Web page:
large variation depending on your specific job situation and/or employer to make
any generalizations of this nature. So I wouldn't base my decision on this
factor at all.

3. I dont know about tax rates in Canada but you can get most of that info. from the
web. Remember that very few states (6 or 7 I guess) have no state income tax. But
the bulk of the tax is paid to the federal govt. (including Social security,
medicare).

4. If you are PR, I believe you do qualify for unemployment benefits in the US. These
are given by individual states but I dont think they pay a lot. Enough for
subsistence maybe but not a princely sum by any standards TEST I believe these
benefits are much higher and paid for a much longer term in Canada.

Finally, all I would say is that if you can manage to immigrate to the US, do so but
bear in mind that for most people, it is a long process and except for some
categories, there are no guarantees that you would eventually get a PR some day.

Goodluck KS

"scarlet" <[email protected]> wrote in message
news:[email protected]...
    > hello, guys! you may already have read this post in the Canadian immigration
    > site--if so, please accept my apologies. reason why i am posting the same query on
    > this site is to see what you guys in the usa can advise me, as most of the
    > questions are relevant to the usa too, so here goes :
    >
    > "hi, all! i am in a bit of a dilemma--i have already applied for canadian
    > immigration and my interview is due in the next few months (which should go ok, as
    > i had more than the necessary points), but now i keep hearing from a lot of people
    > that why go to canada, the US is much better economy/lifestyle wise......viz :
    >
    > 1) also, i assumed that there is free healthcare for all in canada, but someone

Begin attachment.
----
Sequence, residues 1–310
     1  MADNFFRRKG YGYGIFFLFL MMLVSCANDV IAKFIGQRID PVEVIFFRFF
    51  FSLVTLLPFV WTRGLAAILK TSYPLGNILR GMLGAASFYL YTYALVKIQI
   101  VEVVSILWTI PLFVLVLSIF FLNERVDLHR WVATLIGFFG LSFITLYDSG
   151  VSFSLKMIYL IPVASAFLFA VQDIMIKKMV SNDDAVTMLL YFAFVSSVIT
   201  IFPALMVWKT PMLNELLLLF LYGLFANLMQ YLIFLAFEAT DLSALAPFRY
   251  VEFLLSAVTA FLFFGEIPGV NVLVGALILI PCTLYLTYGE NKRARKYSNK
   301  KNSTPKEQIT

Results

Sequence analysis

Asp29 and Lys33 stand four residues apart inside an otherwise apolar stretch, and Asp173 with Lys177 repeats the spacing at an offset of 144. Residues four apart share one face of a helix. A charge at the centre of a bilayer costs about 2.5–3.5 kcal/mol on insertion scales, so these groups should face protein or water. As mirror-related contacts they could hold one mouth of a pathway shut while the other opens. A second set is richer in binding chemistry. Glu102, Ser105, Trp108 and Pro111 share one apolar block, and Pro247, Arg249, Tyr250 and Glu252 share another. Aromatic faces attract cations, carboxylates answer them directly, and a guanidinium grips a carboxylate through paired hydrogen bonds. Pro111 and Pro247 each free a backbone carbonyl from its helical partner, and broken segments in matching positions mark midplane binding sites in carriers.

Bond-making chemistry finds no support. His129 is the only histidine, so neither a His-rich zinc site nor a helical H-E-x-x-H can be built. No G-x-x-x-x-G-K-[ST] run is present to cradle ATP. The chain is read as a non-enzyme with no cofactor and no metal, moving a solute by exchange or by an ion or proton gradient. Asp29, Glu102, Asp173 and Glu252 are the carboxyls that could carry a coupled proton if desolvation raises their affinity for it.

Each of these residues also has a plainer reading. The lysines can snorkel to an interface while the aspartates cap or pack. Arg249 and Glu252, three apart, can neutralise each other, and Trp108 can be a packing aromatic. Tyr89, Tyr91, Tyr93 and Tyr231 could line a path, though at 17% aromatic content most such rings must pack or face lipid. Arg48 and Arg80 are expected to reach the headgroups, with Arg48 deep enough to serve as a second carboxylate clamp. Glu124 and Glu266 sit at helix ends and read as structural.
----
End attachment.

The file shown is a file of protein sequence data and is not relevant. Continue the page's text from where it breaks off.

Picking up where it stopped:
> told me that no, there is no social healthcare program in place in canada, you
    > are covered by a form of medical insurance provided by the company you work for
    > (just as in usa), and even then, when you pay out for medicines and you put in a
    > claim to your insurance provider, you only get a certain percentage back!!
    > 2) another software guy who works in toronto and is on a short contract there from
    > the uk, says they work people like dogs there and its mostly work,work,work but
    > very little play, compared to the UK, where he was relatively at ease and not
    > that much pressured
    > 3) the taxes are very much higher in canada than the US also.
    > 4) and is it true that if you get fired in the usa, you get no financial aid
    > whatsoever and you are left to cope on your own?
    >
    > so, what i am asking you guys is this--why go to canada if the same kind of health
    > care is prevalent as in the US and its a weaker economy? after all, the same
    > hire'n'fire mentality exists in canada as well as the US. i mean, you may as well
    > go to the US, pay for your own medical insurance and get the best service, be more
    > well of as the wages are higher in the US, and pay little or no sales tax/income
    > tax (depending on state) ?
    >
    > i know i have commited myself by paying out over C$4000 by applying for immigration
    > there, but am now wondering if i did the right thing !! or should i forget it all
    > and stay in england !!!!?
    >
    >
    >
    > --
    > Posted via http://britishexpats.com
 
Old Apr 20th 2002, 6:00 pm
  #4  
Chris Moorehead
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Posts: n/a
Default Re: what do you guys think....?

scarlet <[email protected]> wrote in news:[email protected]:

    > hello, guys! you may already have read this post in the Canadian immigration
    > site--if so, please accept my apologies. reason why i am posting the same query on
    > this site is to see what you guys in the usa can advise me, as most of the